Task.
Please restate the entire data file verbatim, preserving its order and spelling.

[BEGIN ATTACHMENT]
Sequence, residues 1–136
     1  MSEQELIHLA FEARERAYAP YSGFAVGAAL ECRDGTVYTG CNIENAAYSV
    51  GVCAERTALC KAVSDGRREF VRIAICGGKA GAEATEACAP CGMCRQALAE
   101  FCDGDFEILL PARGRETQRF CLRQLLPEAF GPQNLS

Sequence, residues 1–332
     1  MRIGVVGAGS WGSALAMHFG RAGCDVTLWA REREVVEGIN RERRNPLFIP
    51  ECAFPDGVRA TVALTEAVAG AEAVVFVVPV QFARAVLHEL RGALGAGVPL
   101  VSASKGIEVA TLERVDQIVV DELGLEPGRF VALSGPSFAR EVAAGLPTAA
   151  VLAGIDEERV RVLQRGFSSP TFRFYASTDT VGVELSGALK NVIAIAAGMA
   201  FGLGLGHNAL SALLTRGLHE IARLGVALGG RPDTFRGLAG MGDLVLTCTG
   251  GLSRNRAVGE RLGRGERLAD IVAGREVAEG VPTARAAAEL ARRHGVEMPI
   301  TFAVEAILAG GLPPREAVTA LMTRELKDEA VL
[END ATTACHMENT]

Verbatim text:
Sequence, residues 1–136
     1  MSEQELIHLA FEARERAYAP YSGFAVGAAL ECRDGTVYTG CNIENAAYSV
    51  GVCAERTALC KAVSDGRREF VRIAICGGKA GAEATEACAP CGMCRQALAE
   101  FCDGDFEILL PARGRETQRF CLRQLLPEAF GPQNLS

Sequence, residues 1–332
     1  MRIGVVGAGS WGSALAMHFG RAGCDVTLWA REREVVEGIN RERRNPLFIP
    51  ECAFPDGVRA TVALTEAVAG AEAVVFVVPV QFARAVLHEL RGALGAGVPL
   101  VSASKGIEVA TLERVDQIVV DELGLEPGRF VALSGPSFAR EVAAGLPTAA
   151  VLAGIDEERV RVLQRGFSSP TFRFYASTDT VGVELSGALK NVIAIAAGMA
   201  FGLGLGHNAL SALLTRGLHE IARLGVALGG RPDTFRGLAG MGDLVLTCTG
   251  GLSRNRAVGE RLGRGERLAD IVAGREVAEG VPTARAAAEL ARRHGVEMPI
   301  TFAVEAILAG GLPPREAVTA LMTRELKDEA VL